Peeling Potatoes or Grinding Lenses
Spinoza and Young Wittgenstein Converse on Immanence and Its Logic
Publication Year: 2012
Published by: University of Pittsburgh Press
The National Technical University of Athens, where I started studying and where I continue teaching, has always been liberal with leaves of absence and helpful in many other ways. I am grateful to those who people and have peopled it—students, colleagues, secretaries, chairpersons, rectors—for unfailing support and encouragement...
Note on References and Abbreviations
Coordinates of a Conversation
Throughout the following pages I argue that Wittgenstein’s Tractatus Logico-Philosphicus (TLP) and Spinoza’s Ethics (E) both pursue the same end. We can profitably take each as aiming to establish that there cannot be any position outside the world, thought, and language, that there can be no overarching standpoint from which anyone...
Chapter 1. Mutual Introductions
Nietzsche acknowledged that God might well not be the traditional God of monotheism, a superperson endowed with all the proper anthropomorphic attributes elevated to the superlative. He understood perfectly that God is fundamentally a transcending court of ultimate appeal and an overarching position put there to collect whatever might satisfy humanity’s...
Chapter 2. Purposes and Ends
Whether it is spelled out ontologically, logically, or otherwise, the perspective of radical immanence leaves no room for any higher power to which one can appeal in case of need or any higher authority one can obey in case of doubt. To go on with one’s life, one can work only with what the world at large can provide for the purpose, or more specifically, with...
Chapter 3. Grammar
Almost 300 years of historical distance separates Spinoza from Wittgenstein. Hence the question inevitably surfaces: why are their works so strikingly similar? Were the associated historical changes not important enough, or is the relevant philosophical activity capable of ignoring—or eradicating—historical change? How does it take account, if it does...
Chapter 4. Strategies
The difference in the philosophical spaces available to Spinoza and Wittgenstein gave Spinoza’s strategy a narrower range of possibilities for unfolding; the wider range Wittgenstein enjoyed let him pursue a more intricate strategy. For this reason, understanding Wittgenstein’s strategy may help in understanding the perspective of radical immanence overall...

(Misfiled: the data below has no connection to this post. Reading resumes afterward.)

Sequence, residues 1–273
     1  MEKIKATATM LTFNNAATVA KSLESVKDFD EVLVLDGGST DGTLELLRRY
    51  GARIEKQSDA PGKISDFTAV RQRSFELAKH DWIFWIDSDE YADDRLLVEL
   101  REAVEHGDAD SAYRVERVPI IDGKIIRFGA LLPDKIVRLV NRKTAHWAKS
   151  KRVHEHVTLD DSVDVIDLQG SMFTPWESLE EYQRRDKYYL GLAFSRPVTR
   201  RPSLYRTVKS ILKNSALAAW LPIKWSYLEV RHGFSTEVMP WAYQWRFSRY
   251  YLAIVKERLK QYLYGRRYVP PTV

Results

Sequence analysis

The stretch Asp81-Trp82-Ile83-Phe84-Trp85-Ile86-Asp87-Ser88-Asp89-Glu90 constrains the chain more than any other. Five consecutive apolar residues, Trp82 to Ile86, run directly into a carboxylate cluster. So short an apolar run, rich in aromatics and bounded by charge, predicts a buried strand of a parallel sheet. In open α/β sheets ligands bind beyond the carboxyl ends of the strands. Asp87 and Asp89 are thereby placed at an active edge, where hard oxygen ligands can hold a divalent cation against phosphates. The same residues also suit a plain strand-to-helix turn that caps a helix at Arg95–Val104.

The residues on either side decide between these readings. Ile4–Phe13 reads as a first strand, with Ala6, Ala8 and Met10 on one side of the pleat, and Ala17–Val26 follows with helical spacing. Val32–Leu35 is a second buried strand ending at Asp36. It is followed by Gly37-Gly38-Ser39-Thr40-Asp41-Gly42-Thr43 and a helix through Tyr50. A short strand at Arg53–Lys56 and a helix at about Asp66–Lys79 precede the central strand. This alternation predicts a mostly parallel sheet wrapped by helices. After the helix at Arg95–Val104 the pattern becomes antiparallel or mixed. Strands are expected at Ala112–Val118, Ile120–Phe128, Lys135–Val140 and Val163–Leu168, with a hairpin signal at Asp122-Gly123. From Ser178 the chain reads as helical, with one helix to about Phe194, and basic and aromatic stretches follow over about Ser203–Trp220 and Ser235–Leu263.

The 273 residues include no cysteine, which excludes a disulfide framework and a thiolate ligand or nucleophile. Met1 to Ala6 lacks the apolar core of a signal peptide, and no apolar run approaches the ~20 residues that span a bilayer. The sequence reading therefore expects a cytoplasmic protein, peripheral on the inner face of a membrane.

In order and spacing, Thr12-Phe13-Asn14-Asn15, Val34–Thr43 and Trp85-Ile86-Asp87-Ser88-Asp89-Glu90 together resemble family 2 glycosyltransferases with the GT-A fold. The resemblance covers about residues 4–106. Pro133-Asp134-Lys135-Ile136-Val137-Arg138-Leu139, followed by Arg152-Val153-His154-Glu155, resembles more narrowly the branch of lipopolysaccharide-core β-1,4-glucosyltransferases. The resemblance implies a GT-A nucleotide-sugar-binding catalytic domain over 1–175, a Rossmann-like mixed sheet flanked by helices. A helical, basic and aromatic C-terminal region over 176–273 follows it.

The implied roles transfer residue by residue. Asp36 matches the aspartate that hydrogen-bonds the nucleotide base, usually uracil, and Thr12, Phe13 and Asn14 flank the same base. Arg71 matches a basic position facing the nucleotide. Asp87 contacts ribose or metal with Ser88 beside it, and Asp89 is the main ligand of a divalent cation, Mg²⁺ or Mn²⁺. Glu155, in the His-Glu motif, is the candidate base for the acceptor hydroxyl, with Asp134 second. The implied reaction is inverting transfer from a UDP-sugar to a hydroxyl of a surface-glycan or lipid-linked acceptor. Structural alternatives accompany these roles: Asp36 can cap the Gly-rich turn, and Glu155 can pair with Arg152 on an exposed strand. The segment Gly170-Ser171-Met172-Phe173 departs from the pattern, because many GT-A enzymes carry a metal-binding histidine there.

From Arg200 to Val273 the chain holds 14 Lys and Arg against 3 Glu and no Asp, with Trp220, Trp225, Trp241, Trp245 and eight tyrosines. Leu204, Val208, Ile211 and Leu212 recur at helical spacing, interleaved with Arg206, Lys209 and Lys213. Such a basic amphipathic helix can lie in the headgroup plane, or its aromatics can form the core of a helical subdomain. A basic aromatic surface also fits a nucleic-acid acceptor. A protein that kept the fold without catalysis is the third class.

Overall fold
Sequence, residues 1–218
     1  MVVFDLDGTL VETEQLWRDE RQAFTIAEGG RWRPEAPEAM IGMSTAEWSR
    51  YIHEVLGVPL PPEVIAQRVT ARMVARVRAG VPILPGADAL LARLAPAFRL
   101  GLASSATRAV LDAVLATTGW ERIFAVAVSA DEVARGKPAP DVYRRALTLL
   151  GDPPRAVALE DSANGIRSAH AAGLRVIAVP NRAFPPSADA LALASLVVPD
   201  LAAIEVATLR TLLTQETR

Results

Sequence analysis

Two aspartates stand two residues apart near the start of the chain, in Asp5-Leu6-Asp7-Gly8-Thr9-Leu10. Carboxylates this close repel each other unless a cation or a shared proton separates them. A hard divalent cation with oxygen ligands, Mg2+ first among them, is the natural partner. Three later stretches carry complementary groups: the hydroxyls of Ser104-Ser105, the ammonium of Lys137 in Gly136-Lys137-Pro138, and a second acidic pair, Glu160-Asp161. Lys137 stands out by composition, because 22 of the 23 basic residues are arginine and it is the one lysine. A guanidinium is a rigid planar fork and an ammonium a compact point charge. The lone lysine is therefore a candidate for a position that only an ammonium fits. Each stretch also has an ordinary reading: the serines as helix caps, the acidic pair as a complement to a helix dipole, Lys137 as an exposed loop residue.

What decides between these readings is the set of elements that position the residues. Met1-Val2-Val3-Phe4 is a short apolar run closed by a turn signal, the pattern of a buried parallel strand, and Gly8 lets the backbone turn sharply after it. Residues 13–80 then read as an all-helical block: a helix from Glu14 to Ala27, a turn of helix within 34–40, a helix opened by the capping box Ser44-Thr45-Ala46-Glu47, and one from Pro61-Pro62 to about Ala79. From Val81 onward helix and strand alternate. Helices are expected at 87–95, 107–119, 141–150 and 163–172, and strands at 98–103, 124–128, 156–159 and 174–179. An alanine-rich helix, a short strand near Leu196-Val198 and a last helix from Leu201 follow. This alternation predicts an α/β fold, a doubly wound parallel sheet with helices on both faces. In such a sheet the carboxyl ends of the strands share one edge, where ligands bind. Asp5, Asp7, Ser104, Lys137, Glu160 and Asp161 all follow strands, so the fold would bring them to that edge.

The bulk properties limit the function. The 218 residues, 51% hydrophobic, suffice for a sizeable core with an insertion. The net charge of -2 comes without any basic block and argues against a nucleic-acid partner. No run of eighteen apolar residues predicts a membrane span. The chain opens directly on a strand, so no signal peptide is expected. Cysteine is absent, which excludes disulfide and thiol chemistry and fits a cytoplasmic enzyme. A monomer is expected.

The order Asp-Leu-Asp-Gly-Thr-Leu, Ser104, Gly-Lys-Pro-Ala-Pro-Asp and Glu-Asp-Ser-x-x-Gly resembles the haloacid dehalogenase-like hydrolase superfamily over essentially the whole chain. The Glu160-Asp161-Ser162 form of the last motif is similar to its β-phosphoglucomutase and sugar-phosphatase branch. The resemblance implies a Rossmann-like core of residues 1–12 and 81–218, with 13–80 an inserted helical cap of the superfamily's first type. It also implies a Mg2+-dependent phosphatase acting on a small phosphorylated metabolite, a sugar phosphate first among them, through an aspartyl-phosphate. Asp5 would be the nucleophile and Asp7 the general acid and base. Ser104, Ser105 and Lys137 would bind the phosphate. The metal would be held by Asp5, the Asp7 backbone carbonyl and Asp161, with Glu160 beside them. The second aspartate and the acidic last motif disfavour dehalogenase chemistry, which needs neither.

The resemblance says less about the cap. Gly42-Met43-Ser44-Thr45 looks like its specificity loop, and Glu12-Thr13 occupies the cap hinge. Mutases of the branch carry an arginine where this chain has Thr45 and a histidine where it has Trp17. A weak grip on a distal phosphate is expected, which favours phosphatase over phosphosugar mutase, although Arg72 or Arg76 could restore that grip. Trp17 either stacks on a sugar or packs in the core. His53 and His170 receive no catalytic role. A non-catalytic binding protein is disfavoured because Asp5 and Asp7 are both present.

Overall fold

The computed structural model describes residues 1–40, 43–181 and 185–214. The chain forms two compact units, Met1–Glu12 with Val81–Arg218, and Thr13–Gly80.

Chapter 5. Organizing Content
If the first movement of Wittgenstein’s strategy is subsumed under the second, then the propositions Wittgenstein advances along the first movement should be set forth in a way that makes them all self-destruct when the second movement is completed. Everything identifying and connecting those propositions within the body of that work—the way they...
Chapter 6. Metaphysics
To answer these questions, recall how the scientific upheavals of his day determined how each man set out to accomplish his task. My discussion of this, however, was restricted and in a sense anachronistic: it highlighted only the conceptual and hence grammatical aspects of those upheavals and aimed only at displaying how awareness—sharp in the case of Wittgenstein...
Chapter 7. Matching Content
The minimalist metaphysics we have been examining envisions us as inseparably bonded bodies and minds thrown into a world that consists of other bodies and other minds and, in the last analysis, nothing else. It remains to see how Spinoza and Wittgenstein take account of these absolutely fundamental facts, as well as whether and to what extent their...
Chapter 8. Matching Form
We just saw how Wittgensteinian facts and their pictures match Spinozistic extended modes and their ideas taken one by one. But Spinoza holds that both extended modes and ideas are “ordered and connected,” with the order and connection identical in the corresponding two Attributes. The task at this juncture is thus to clarify this relationship and to examine...
Exodus: Toward History and Its Surprises
Evidence provided by his biographers shows that Spinoza had neither the opportunity nor the inclination to return to the Ethics after finishing it. As is well known, he had interrupted its composition to write his Theologico-Political Treatise, and after going back to complete the Ethics, he started composing the Political Treatise, a work his death interrupted...
Page Count: 312
Publication Year: 2012
OCLC Number: 794925898
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